April 17, 2014, has come to be known among Iranian dissidents as “Black Thursday.” On that day, at least 100 Iranian riot police, members of the Revolutionary Guard Corps, soldiers, and officers of the Ministry of Intelligence and National Security joined prison guards in raiding Ward 350 of Tehran’s infamous Evin House of Detention. Numerous political prisoners and heterodox Muslims from the Gonabadi-Nimatullahi Sufi order are held at Evin.
Inmates of Ward 350 were assaulted brutally, with many injured seriously and their possessions destroyed, according to the Gonabadi-Nimatullahi website Majzooban Noor (The Alluring Light). Another Iranian opposition website, Kaleme, said the outburst by security personnel occurred during “an unprecedentedly long and aggressive inspection, [as] the prisoners protested.”
The Sufi source posted a letter on April 25 by Evin detainee Emad Bahavar, chairman of the youth branch of the Iranian Freedom Movement and a supporter of the unsuccessful 2009 opposition presidential candidate, Mir Hossein Mousavi. Bahavar was arrested during the Green Movement that year. In 2010 Bahavar was sentenced by a revolutionary court to 10 years in jail.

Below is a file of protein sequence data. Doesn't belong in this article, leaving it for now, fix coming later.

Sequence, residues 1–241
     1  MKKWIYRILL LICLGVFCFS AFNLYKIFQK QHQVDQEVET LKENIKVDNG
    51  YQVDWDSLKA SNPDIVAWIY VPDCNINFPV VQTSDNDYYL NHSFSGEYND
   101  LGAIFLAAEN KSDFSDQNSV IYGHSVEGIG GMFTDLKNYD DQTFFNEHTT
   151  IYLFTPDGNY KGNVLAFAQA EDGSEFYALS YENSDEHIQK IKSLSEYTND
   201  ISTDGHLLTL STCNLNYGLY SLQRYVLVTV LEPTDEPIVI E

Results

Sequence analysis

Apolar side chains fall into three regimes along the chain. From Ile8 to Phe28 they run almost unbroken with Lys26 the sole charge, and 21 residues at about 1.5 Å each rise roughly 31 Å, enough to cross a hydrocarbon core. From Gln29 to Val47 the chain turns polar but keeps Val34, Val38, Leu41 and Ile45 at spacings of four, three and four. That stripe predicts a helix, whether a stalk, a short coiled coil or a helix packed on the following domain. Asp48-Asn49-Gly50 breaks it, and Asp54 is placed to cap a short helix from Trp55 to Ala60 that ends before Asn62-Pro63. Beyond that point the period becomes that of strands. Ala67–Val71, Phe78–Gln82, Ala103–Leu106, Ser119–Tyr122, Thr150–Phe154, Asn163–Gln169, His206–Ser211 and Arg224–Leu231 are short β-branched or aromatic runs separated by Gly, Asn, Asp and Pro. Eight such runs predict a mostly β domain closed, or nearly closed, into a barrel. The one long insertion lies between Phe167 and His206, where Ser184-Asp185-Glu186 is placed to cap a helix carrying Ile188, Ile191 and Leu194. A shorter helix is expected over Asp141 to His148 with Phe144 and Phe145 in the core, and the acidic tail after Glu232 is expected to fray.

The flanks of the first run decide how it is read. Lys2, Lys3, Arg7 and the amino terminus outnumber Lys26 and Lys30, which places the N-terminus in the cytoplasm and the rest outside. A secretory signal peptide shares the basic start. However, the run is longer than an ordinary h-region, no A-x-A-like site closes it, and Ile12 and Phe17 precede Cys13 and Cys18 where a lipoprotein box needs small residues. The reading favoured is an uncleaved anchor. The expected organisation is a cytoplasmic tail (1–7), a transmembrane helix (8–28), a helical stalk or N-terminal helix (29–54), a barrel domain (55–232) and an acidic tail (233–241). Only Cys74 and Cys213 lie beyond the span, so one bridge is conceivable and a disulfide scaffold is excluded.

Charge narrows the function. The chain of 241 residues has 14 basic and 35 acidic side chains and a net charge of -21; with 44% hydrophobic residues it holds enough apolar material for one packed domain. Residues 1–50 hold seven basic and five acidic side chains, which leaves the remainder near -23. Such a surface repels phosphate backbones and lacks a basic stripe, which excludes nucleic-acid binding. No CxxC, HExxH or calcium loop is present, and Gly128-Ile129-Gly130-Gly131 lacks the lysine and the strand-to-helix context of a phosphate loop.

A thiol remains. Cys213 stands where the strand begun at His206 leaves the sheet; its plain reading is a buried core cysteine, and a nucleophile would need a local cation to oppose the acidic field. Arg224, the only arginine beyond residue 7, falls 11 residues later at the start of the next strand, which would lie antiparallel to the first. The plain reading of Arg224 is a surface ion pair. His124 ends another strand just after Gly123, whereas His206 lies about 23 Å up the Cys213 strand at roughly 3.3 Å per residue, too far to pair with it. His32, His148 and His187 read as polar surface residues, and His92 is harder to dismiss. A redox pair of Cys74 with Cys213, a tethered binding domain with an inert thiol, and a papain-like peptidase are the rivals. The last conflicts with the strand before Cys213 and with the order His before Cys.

Bahavar recounted how he realized the April 17 onslaught at Evin, in which he would be targeted, was underway. He wrote that he “didn’t know what was going on. . . . I could only hear voices . . . getting louder by the moment. I went towards the entrance of the ward to see what [was] going on.”
He described a baton-wielding swarm of heavy-set guards, some of them “body builders, wearing tight jeans and sneakers.” Bahavar demanded to know why the guards were clubbing the prisoners, but, he said, his question was treated as if he had asked, “Why don’t you hit me?” Bahavar and others were kicked, slapped, and left insensible by blows from truncheons.
Some Iranian soldiers seem to have refused to join in bashing the prisoners. According to Bahavar, an order was given that “soldiers who do not want to participate in the beating” should stay out of the way.